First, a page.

Our History

Following the FDA’s decision in 2007 to require boxed warnings on ultrasound contrast agents, a number of cardiologists, radiologists and other ultrasound professionals around the world came together to advocate for their patients’ interests. This grassroots outpouring of concern and determination led to a positive and constructive relationship with the FDA — and to the launch of the International Contrast Ultrasound Society (ICUS) at the 2008 International Bubble Conference in Chicago.

Today, ICUS is the world’s only global, multi-disciplinary medical society exclusively focused on promoting the safe and appropriate use of CEUS to improve patient outcomes and experiences. Led by an international team of CEUS experts, ICUS now has members in more than 60 countries and is the most important voice for the CEUS field.

Since its founding, ICUS has been at the forefront of CEUS education,
communications and advocacy aimed at the medical and policy communities,
as well as the public.

For example:

  • ICUS recently launched “Basic Training” educational programs for novice and experienced ultrasound imaging professionals in locations across the country, with specialized emphasis on cardiovascular CEUS and abdominal CEUS.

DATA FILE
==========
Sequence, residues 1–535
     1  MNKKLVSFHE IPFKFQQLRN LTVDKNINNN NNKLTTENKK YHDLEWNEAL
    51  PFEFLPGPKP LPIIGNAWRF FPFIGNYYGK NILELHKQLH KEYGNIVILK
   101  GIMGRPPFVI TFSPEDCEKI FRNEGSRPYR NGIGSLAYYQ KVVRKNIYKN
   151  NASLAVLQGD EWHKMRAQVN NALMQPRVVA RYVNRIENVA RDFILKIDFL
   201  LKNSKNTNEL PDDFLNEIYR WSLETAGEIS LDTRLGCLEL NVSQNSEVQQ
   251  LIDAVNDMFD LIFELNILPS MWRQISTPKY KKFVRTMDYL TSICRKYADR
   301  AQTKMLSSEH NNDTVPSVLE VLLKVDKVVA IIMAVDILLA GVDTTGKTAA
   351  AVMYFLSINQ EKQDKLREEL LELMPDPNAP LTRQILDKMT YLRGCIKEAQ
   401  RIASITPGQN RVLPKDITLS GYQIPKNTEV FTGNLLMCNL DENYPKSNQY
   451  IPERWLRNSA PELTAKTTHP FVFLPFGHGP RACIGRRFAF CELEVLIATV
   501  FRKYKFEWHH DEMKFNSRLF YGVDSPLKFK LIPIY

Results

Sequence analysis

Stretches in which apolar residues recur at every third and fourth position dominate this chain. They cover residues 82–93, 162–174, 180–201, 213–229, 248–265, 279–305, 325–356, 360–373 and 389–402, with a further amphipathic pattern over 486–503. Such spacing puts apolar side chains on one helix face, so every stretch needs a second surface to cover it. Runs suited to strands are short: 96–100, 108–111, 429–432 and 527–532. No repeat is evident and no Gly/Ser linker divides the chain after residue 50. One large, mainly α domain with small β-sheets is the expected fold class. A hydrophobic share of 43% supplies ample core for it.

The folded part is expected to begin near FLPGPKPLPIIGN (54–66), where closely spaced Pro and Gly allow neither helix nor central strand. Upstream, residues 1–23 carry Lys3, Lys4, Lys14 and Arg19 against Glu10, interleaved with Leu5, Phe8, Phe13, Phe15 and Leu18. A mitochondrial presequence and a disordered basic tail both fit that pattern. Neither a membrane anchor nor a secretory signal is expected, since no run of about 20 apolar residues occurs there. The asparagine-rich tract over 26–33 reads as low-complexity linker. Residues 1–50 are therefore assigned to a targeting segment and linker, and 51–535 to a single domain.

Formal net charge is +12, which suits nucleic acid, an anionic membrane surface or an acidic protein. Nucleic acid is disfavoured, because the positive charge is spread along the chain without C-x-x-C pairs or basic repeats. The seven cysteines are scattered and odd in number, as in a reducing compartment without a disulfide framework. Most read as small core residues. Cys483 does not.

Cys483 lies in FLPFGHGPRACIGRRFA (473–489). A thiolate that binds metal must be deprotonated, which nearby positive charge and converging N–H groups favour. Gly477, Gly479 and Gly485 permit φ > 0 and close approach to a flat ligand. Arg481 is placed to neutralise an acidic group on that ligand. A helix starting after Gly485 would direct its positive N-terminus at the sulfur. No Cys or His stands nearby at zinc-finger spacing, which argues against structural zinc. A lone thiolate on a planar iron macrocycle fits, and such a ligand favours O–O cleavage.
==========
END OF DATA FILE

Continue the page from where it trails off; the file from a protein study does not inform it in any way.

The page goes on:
• The CEUS News Monitor is now available in English, Mandarin and Portuguese, and is emailed across the globe.
  • ICUS advocacy plays an important role in regulatory advances — including the recent removal of contraindications for known or suspected cardiac shunts, and approval of the first pediatric CEUS indications.
  • ICUS proactively supports appropriate reimbursement for CEUS in clinical practice.
  • The revamped ICUS website is a comprehensive CEUS resource for ultrasound professionals, hospital administrators, payers and the public.

And, more generally, ICUS has been at the forefront of raising awareness that CEUS, when used appropriately.

  • Improves the accuracy and reliability of frontline ultrasound imaging in many patients.
  • Reduces the need for redundant, more expensive, and sometimes riskier downstream diagnostic testing.
  • Speeds access to appropriate therapy, changes outcomes and saves lives in certain patient populations.
  • Reduces overall healthcare costs.
  • Improves hospital workflows.
  • Does not expose patients or healthcare professionals to ionizing radiation, which may increase risk of cancer.
  • Utilizes contrast agents (or enhancement agents) that do not contain dye, which may increase the risk of kidney damage.
  • Furthers public policy at a time of heightened concerns regarding overall health care costs and the cumulative impact of ionizing radiation due to medical diagnostic testing.

Be Part of our Community

ICUS Membership is free.